Let me say first of all that I can understand why people associate Bath with Jane Austen.  It is after all a Regency town and includes places specifically included in her novels.  However, I do want people in this country and worldwide to associate Chawton and Hampshire in their mind with Jane Austen, because this was her home county and Chawton Cottage (now Jane Austen’s House Museum) was actual home.  More importantly it’s the home where she did the majority of her writing – the reason for her fame!

The numbers game is tricky but I would confidently say that we are nowhere near breaking point.  There are times that are particularly busy in the summer but then there is always the garden to explore.  The winter months of November, December, February and March can be quite quiet and visitors can enjoy the special atmosphere of the house sometimes on their own.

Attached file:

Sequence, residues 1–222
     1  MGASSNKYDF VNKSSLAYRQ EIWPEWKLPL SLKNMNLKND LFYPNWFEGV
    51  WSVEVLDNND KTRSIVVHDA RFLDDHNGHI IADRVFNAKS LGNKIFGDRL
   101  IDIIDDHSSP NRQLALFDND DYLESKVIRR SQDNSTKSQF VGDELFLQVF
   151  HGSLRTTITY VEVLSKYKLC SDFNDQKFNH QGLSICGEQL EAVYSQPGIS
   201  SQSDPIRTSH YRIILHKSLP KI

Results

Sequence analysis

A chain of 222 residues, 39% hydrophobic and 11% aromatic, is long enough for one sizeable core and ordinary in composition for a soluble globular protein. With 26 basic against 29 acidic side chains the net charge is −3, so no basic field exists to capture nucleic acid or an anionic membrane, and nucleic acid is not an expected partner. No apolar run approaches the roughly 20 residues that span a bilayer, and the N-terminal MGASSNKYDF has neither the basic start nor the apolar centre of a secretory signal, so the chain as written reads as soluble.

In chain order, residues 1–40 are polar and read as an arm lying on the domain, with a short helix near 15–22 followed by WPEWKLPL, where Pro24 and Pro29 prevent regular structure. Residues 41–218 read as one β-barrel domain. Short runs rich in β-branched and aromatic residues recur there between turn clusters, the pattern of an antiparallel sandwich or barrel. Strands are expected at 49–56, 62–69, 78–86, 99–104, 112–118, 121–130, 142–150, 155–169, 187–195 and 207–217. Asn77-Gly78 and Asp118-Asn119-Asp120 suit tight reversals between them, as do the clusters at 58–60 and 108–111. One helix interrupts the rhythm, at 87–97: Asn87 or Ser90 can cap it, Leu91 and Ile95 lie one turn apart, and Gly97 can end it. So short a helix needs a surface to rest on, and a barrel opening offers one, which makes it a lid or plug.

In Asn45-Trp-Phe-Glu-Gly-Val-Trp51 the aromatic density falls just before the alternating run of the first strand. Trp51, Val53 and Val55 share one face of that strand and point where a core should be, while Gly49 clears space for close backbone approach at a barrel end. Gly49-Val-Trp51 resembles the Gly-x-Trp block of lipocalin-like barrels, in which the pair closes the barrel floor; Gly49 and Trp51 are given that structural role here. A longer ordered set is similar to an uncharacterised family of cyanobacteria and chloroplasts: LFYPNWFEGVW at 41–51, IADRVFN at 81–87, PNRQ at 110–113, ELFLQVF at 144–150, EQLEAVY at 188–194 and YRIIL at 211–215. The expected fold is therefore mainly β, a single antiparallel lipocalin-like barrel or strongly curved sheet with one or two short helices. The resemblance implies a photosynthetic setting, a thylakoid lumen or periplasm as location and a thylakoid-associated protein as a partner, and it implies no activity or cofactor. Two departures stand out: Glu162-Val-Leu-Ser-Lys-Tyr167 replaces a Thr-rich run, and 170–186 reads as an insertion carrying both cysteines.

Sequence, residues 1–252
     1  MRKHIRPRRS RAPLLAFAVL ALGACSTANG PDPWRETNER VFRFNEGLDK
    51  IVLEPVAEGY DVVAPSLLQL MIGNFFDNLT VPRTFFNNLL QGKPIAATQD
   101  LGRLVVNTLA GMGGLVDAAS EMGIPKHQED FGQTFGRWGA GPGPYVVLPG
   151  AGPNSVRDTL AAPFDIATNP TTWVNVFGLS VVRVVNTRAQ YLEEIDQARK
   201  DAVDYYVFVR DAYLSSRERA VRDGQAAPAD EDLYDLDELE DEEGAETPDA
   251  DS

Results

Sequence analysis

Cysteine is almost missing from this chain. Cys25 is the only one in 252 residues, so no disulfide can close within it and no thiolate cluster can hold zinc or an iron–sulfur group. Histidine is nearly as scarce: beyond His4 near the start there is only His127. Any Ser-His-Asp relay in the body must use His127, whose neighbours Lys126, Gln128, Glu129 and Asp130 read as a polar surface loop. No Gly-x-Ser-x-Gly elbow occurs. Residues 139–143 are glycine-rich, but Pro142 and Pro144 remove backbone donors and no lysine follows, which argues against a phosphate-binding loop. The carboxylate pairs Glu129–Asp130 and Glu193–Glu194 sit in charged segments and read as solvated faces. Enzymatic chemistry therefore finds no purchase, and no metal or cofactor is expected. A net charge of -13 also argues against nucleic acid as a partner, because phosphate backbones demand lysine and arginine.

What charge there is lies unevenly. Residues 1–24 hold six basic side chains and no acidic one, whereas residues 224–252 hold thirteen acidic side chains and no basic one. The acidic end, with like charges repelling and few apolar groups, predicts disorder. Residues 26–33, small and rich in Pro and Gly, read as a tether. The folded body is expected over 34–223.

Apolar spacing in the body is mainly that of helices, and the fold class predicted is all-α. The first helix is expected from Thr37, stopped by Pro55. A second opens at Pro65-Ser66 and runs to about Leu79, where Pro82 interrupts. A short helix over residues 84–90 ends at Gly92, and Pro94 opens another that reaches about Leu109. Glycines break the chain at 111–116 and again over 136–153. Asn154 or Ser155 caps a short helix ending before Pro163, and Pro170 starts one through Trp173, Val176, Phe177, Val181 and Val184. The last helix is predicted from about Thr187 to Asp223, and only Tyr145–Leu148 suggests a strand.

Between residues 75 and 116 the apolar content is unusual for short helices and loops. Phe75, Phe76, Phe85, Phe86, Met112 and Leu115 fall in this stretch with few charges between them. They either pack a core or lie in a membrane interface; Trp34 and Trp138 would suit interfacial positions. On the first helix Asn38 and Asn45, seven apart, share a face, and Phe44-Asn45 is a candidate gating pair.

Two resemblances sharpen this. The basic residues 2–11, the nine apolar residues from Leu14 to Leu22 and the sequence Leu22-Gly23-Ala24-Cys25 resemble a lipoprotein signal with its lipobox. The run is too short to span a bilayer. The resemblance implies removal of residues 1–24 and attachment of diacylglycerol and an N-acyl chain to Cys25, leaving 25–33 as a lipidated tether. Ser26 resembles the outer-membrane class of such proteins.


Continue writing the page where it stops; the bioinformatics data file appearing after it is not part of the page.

We do want to encourage repeat visits and we are lucky that over the next few years we have the bicentenaries of all the novels to celebrate.

The next seven years are very exciting ones for Janeites with so many important bi-centenaries on the calendar, culminating in 2017 with the bicentenary of Jane Austen death.  How will the museum be celebrating this year’s 200th anniversary of the first publication of Sense and Sensibility?

In many ways.  All our events this year are themed around Sense and Sensibility, and these will include concerts, talks and relevant displays. (Go here to see more details of the events.) We will be having regular readings from the novel by our staff and volunteers who have been helped by our wonderful patron, Elizabeth Garvie. (Whom you will all recognize in her photograph, below, for she is a general Janeite favourite, her portrayal of Elizabeth Bennet in the 1981 production of Pride and Prejudice produced by the BBC is considered one of the best, and her stage performances in A Celebration of Jane Austen, with her late husband, Anton Rogers and now with Robert Powell, are acclaimed- jfw)